The search is finally over. I have now identified the easiest and in all likelihood most enjoyable job in the world: working for the Slovenian tourist board. Your typical day probably starts with idling into office to look at about ten dozens of equally stunning nature shots and finally choosing one while being well aware that it doesn’t really matter. The near perfect shot of the crystal clear glacial rivulet might be a tad near perfecter than the stunning view of the snowy valley, but that’s just nuances, and you know it. People will just keep coming back no matter what you do, so you might as well indulge in some fluffy cream cake and hope that next week they’ll send you on a field trip just to make sure everything’s still as picture perfect as last month. And needless to say it will be. So, confident of a job well done, you will wander back into your office and for a second ponder a more challenging life, like, let’s say switching to the tourist board of The Gambia and then dismissing the thought with a content smile.
Taking this into account it really doesn’t matter all that much where in particular you start exploring Slovenia, but let’s say Bled Lake is a fine option. It’s probably safe to say that traveling around Slovenia is best done by car: the country is crossed north to south by a comfy highway, but the meandering mountain roads are also in good shape, so there’s no danger in taking the scenic route, except that perhaps you’ll stop ridiculously often to take in one stunning sight after another.
Bled itself is a short distance from the capital and the airport serving it, named after politician Jože Pučnik, whose name is eerily similar to that of one of the three people who seem ubiquitous around the tiny country, architect Jože Plečnik, of whom more will be said when we get to Ljubljana. The other two are Romantic poet France Prešeren and, in a rather odd twist, reigning ski jumping world cup holder Peter Prevc. I usually considered my interest in ski jumping one of my more marginal undertakings, but it came extremely handy in Slovenia where people would suddenly become evidently more friendly when I had a good word to spare about Peter.
The lake and its small island welcome you right by the main road, in a rare case of a touristic attraction which looks every bit as good as the postcard. The sight is often complemented by the tolling bells of the island’s church, which apparently bring good luck and are thus industriously harassed by the visitors, who can reach the island by taking one of the nicely decorated boats going by the name of pletna. Another typical Bled sight is a furiously approaching swan, though I must confess to finding swans kind of overrated: they’re nothing but mean geese with a superiority complex and I am therefore much more pleased to encounter a raft of ducks peacefully pottering about the lake.
For those thirsty for a view to remember, Bled castle towers over the surroundings and can be reached both by car or on foot- walkers and runners are spoiled anyways, as the there is a continous track around the lake, dotted with places of interest such as the Bled rowing club, the alma mater of numerous world champions, and several scenic villas, among them the one which served as the summer retreat of Marshal Tito. The castle’s ten euro entry fee would be well justified by the vista alone, but as a bonus you also get to investigate a rather interesting exhibition about the area’s history and are treated to the usual array of souvenir shops plus a restaurant.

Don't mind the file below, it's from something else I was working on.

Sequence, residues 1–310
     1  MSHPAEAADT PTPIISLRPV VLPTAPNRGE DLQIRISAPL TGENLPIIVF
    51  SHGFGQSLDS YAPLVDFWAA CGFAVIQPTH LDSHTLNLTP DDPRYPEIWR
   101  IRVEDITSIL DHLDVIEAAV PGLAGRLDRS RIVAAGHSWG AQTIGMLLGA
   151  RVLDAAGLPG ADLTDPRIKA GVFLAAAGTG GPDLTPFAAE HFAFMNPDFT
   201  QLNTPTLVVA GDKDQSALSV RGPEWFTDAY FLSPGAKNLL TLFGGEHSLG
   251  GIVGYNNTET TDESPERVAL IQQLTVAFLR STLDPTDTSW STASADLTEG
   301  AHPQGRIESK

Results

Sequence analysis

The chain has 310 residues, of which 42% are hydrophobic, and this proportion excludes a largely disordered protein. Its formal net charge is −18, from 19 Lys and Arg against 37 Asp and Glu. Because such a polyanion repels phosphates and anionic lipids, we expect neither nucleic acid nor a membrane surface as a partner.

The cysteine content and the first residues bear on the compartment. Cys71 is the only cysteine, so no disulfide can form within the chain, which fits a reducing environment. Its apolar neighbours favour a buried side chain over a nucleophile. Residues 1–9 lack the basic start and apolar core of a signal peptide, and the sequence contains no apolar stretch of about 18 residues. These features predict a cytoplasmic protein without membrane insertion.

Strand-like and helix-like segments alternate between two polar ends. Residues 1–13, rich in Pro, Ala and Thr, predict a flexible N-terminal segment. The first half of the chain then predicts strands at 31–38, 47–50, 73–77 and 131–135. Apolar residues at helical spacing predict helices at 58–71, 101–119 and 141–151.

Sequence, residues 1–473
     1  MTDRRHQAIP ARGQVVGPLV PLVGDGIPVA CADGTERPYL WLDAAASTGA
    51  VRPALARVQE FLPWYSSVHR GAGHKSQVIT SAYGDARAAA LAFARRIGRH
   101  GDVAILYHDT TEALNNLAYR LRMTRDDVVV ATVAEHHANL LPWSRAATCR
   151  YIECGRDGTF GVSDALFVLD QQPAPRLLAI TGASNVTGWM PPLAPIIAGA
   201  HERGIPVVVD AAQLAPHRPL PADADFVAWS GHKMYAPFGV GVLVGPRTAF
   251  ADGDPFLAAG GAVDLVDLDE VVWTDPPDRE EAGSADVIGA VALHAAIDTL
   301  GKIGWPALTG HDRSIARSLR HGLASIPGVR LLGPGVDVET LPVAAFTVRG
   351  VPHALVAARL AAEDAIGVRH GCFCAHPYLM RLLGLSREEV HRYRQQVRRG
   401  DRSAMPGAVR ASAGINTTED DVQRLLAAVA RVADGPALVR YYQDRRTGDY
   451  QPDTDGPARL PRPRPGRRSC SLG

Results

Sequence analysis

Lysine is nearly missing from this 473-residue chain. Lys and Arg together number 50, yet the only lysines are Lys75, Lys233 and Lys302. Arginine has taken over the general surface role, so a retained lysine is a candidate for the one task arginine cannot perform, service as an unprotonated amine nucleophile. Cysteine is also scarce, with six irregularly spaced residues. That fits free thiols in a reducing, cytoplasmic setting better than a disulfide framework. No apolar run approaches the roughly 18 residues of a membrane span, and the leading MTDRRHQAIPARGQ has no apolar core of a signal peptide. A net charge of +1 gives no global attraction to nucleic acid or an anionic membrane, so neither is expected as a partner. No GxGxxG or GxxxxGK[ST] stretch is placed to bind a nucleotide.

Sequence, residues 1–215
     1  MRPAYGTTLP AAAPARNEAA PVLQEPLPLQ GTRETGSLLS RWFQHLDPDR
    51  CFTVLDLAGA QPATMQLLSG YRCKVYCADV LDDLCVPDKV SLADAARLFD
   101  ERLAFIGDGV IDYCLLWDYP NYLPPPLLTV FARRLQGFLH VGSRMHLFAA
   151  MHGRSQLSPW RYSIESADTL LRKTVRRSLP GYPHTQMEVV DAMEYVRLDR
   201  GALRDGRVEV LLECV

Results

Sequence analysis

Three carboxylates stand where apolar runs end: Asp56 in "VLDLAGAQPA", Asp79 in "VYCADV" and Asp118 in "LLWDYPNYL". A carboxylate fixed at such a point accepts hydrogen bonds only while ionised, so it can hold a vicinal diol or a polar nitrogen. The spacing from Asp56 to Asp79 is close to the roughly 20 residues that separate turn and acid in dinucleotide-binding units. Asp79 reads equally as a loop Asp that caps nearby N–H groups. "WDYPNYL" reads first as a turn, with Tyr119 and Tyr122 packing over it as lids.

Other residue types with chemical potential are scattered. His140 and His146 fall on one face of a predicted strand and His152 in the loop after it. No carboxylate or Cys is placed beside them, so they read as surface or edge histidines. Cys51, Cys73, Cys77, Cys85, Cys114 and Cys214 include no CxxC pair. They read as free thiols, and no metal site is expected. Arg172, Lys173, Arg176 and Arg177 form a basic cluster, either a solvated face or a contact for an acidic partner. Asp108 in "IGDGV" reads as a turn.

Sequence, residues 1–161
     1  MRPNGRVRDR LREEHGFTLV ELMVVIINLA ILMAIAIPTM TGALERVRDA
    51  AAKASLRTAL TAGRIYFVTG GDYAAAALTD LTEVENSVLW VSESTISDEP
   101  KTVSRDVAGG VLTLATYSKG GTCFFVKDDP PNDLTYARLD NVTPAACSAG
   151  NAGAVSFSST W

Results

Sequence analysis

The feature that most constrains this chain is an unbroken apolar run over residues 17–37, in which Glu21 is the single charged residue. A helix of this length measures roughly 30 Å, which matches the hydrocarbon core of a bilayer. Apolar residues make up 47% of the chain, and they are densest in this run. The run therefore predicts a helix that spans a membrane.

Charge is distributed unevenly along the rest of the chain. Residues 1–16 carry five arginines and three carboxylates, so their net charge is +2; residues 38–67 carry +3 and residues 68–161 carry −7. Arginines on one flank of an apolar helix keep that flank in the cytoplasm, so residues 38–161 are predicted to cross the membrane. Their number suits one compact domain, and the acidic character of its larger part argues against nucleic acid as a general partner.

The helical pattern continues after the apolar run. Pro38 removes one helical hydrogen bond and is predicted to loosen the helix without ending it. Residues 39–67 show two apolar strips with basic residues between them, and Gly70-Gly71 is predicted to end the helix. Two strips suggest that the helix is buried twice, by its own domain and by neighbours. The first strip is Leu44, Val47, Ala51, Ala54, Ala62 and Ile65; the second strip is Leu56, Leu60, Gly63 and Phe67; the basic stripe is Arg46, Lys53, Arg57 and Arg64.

There are plenty of options for accommodation both in Bled and in the nearby villages- we can warmly recommend Hotel Lukanc nestled in the tantalizingly picturesque village of Selo pri Bledu, only five minutes’ drive from the lake. When it comes to food, Slovenia excels by not excelling at anything- located at the meeting point of Balkan, Mediterranean and Germanic cuisine, it offers a fair range of dishes from all three without any particular highlights. Bled itself is famed for a version of the central European Cremeschnitte, pioneered by Serbian-Hungarian pastry chef Ištvan Lukačević, locally known as kremna rezina- the cake can be found on the menu of most Slovenian restaurants, but the ‘original’ edition is the one served at Hotel Park on the lake’s shore.
For those who feel that one crystal clear Alpine lake is simply not enough, Lake Bohinj is located a mere twenty kilometres from Bled and comes accompanied by the Savica waterfall, which lies at the source of the Sava Bohinjka, one of the Slovenian headwaters of the Sava which will continue its sleepy flow for another 990 kilometres, meeting the Danube at Belgrade. (Here comes useful knowledge: the Sava is the Danube’s third longest tributary, after the Tisza and the Prut.) To gain access to the falls, you must purchase a 3 euro ticket and then walk for about 20 minutes along a well maintained path. Once there, you might enjoy the rumble of waters while indulging in some poetry helpfully added to your guide- you guessed right, the verses were penned by none other than Prešeren, who often felt poetically inclined in the Bled area. You can’t really blame him though, the prettiness of the surroundings gets to you even if you’re an incurable Surrealist or perhaps a cynic, therefore one shudders to think what it did to an impressionable Romantic mind.
Once done with the reverie, you might consider the next steps of the journey- since a trip on the meandering mountain road connecting Bohinj to Nova Gorica seemed a great idea, and so did popping over to Italy for a quick inspection of Trieste, that is exactly what we did, and the results will be rendered public in the next installment of the travel diary.